America's entrance into the 1960s marked society's movement from black-and-white to color. The Civil Rights movement was launched; the world saw color pictures of the Earth from the moon; and the psychedelic culture nudged the horn-rimmed glasses and loafers of the 1950s into the past.
Americans were not intent on merely living the secure life. There was the normal ebb and flow of the economy (there had been a brief recession between 1957 and 1958), but as a whole, people were enjoying a general state of prosperity and the population was booming.
Economic security, combined with the continued advancement of the thruway system and suburbanization, helped spur two pronounced real estate industry trends: The spread of the regional shopping center and the proliferation of hotels and motels. Also, the creation of the Real Estate Investment Trust (REIT) and the prevalence of the real estate syndication would also make their marks in the 1960s.
Malls slip into overdrive The 1960s was the decade where the shopping center format caught on with Americans and spread across the country. The suburban shopping center was not an entirely new concept, but by the early-1960s, sales in the new suburban form edged out their downtown retail rivals by a decided margin.
"While almost every decade of the shopping center industry has been marked by tremendous change, I believe the 1960s marked a seminal change in the way retailers related to their customers," says Melvin Simon, founder and co-chairman of Indianapolis-based Simon Property Group, now ranked as the largest public retail REIT. "The decades to follow really represented an evolution of the [shopping center] concept that was formed in the 1960s."
In the 1960s, the stirrings of the modern consumer society began to emerge. The baby boom was entering adulthood, resulting in a huge universe of young consumers, and the credit card was widely used. The explosion of radio and television media also acted as a catalyst to shopping activity and was crucial to the national expansion of retailers. Consumer attitudes were having a profound effect on the retail industry by the early-1960s. Department stores and shopping centers were testing nighttime shopping, shedding the "never open on Sunday" philosophy of the past and forcing those in the shopping center industry to keep up with the changing demands of consumers.
At this juncture, the industry was searching for what academics call an "exemplary model"- a successful form that could be imitated on a larger scale. One hundred years in the making, developers had refined and modified earlier retail configurations in search of the right combination of design, scale and location.
Two malls completed in the 1950s - the Northgate Shopping Center in Seattle and Southdale Center in Edina, Minn. - served as models for the rapid growth of the regional shopping center that was about to take place.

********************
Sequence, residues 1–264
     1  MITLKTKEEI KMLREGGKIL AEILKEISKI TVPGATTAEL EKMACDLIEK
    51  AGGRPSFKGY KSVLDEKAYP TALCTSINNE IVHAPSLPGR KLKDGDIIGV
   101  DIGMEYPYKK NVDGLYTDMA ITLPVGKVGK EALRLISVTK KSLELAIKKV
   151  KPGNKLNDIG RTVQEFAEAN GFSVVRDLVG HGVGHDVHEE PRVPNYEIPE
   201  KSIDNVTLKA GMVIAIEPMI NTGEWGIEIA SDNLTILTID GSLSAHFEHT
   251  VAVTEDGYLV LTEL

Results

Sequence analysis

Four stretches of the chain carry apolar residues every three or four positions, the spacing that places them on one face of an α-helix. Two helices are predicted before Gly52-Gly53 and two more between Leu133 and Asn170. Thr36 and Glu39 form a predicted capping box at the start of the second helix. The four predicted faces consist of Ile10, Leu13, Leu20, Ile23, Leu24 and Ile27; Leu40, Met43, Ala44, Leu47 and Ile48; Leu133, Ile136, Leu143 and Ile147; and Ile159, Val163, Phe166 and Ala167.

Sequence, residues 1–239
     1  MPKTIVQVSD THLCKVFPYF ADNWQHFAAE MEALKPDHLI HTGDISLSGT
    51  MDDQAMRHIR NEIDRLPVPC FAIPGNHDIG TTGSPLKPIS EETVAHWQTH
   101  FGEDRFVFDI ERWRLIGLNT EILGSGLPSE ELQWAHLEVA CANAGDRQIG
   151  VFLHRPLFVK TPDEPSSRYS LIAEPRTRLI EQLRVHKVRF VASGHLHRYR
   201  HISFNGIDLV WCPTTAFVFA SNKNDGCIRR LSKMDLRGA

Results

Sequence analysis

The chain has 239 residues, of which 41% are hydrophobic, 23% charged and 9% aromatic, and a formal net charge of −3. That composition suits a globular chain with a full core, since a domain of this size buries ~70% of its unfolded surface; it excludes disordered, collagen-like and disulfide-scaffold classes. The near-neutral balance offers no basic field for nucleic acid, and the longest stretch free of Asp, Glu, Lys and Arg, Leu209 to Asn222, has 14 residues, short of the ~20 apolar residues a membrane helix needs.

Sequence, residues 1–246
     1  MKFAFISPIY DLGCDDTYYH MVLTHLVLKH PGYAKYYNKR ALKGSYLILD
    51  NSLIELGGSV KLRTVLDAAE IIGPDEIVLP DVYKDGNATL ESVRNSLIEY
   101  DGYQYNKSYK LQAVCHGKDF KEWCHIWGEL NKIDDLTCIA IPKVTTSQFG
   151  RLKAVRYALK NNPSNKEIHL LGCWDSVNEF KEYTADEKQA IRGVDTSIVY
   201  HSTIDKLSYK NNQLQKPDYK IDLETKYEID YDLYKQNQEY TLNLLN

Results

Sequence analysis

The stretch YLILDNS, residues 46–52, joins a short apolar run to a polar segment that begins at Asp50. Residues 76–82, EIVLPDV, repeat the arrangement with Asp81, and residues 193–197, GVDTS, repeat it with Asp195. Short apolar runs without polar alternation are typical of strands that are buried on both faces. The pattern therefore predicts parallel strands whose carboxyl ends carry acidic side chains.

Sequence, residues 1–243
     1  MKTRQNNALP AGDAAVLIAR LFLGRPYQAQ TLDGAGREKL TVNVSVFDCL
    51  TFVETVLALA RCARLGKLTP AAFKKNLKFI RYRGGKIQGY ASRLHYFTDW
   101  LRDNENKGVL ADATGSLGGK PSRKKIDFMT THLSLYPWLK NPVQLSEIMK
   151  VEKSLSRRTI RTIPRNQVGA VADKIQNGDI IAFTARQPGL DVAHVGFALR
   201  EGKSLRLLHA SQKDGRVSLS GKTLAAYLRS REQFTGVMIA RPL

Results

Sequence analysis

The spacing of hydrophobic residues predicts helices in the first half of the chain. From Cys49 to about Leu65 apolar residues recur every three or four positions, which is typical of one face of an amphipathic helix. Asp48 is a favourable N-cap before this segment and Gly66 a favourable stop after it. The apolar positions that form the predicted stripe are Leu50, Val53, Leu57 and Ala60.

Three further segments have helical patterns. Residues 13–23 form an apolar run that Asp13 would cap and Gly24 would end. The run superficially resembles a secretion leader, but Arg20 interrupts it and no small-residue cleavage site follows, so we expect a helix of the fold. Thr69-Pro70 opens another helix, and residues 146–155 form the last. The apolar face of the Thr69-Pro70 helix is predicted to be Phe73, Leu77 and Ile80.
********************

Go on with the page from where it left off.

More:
This new brand of mall was located in the suburbs but was designed to attract consumers from areas well outside of the suburb in which it was located. Anchor stores (first one, then two anchors) drew shoppers into smaller tenants clustered around a central area.
Included in the design were freestanding sites offering banks, gas stations and movie theaters, as well as ample parking. Both were located just off the freeway. Shoppers were drawn to one-stop shopping, and the thruways brought them from doorstep to mall parking lot.
The single innovation that enabled nationwide imitation was the original design of the Southdale Center by Viennese architect Victor Gruden. He enclosed the common areas where pedestrians walked - air-conditioned in the summer and heated in the winter. This broke down any regional barriers existing for outdoor malls. Now, despite cold, harsh winters in the northeast and the sweltering heat in the southwest, people could enjoy the mall experience and shop year-round.
Shopping center development boomed in the 1960s and continued throughout the early-1970s. From 1960 to 1970, more than 8,000 shopping centers were built in the United States - more than twice as many as the brisk development activity experienced in the 1950s. Simon notes, "It was during this chaotic period [of expansion] that a number of really first-class developers began to emerge."
Soon the centers were not only gaining in number, but in size. To provide more space without increasing walking for shoppers, developers soon built centers two or three stories tall.
Shopping malls have reached mammoth proportions in the 1990s, but some of the properties produced in the early-1970s were nothing to sneeze at. By 1969was under way on the huge 2.1 million sq. ft. Galleria Mall in suburban Houston. Considered one of the largest malls when construction began, it currently ranks as the fifth-largest mall in America.
Lodging industry steps up The 1960s was one of the most significant decades in the history of the lodging industry. The demand for motels spurred by the continued development of the interstate highway system - culminating in the Highway Beautification Act of 1965 - was augmented by the increased travel caused by the widespread use of the airplane. The "roads to everywhere" movement brought good fortunes for many and busts for those not located on the right road.
Robust levels of new development of roadside motels that had begun in the 1950s continued. As the no-frills - largely mom and pop - motel lost its novelty and its negative perception improved, the hotel industry was forced to acknowledge its new competition. By 1962, the American Hotel Association had changed its name to the American Hotel and Motel Association (AH&MA) now based in Washington, D.C.